It’s not a secret in 2018 that cryptocurrencies like Bitcoin, are taking a huge role in the current financial markets. After going mainstream in 2017, cryptocurrencies promise a better way to move money and transact with one another.

According to an article published by CNBC (2017), there are over 100k merchants worldwide accepting bitcoin as a way of payment, with more of them joining the pool daily. Some of the most notable places you can buy goods and services with alternate forms of payments are Overstock.com, Expedia, Virgin Galactic, Dish Satellite TV, and NewEgg.com amongst big household names. As cryptocurrencies become more pervasive into our day to day lives, is only natural to see it piercing the Real Estate industry’s massive market. Let’s explore the pros and cons especially because of the many benefits of buying real property with digital currencies.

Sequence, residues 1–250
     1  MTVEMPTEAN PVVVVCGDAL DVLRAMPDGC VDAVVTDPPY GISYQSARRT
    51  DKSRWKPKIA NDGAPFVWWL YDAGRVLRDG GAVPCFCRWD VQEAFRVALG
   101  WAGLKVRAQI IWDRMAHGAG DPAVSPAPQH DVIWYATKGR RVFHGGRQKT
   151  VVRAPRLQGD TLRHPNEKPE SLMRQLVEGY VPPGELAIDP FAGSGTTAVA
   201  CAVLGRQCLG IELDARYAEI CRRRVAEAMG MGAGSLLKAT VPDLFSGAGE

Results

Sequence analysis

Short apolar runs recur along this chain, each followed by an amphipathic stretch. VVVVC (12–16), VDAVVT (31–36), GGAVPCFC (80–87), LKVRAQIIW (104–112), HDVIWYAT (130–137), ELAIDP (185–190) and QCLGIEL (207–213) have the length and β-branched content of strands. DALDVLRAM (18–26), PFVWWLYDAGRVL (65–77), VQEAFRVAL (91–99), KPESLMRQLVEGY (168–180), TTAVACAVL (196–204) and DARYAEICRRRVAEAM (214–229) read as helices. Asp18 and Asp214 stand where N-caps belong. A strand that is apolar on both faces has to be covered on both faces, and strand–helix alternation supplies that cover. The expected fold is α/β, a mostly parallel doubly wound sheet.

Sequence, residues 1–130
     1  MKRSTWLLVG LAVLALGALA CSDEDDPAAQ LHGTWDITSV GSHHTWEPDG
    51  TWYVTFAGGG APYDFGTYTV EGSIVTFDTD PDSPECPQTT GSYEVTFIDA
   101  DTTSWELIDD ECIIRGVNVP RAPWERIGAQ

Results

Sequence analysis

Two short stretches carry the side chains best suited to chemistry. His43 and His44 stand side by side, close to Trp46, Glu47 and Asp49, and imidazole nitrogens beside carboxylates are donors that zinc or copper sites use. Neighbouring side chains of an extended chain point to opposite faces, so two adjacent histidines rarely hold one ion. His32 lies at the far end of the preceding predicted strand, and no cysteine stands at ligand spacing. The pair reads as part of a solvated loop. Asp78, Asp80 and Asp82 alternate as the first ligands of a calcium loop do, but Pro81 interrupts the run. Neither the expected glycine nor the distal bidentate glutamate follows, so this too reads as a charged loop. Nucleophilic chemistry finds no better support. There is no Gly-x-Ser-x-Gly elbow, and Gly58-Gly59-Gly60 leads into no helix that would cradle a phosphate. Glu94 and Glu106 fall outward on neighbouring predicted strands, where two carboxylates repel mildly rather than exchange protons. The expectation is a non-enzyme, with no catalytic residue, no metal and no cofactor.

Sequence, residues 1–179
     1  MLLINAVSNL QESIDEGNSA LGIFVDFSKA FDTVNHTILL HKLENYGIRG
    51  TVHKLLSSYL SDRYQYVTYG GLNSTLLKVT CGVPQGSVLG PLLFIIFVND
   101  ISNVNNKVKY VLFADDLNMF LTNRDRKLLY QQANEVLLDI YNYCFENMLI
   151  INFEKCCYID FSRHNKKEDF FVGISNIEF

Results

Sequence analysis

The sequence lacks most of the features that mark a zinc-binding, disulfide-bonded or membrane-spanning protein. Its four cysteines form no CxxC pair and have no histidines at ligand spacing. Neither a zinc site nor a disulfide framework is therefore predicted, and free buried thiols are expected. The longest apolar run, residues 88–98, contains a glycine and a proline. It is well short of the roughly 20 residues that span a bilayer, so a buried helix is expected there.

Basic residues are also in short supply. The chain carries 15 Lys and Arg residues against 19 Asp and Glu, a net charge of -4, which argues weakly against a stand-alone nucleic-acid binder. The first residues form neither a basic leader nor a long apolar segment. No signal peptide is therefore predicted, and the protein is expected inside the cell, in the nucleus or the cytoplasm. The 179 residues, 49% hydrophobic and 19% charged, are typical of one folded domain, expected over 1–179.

Using cryptocurrencies in Real Estate

Why would anyone want to buy a house with Bitcoin or any other cryptocurrency, instead of US Dollars? Simply put, it’s cheaper, faster, easier, international and instantly available. Let’s see each of these on their own:

  1. It’s cheaper: Buying a home usually entails making wire transfers between bank accounts. First from buyer to escrow, then from escrow to the seller. Each wire, if done between US banks usually ranges between $25-$50, plus servicing, you end up paying somewhere between $100-$200 for a transaction. This can go 2x or 3x if done internationally. At the time of this writing (Mar 08, 2018) the Bitcoin network fee for a transaction is $0.47.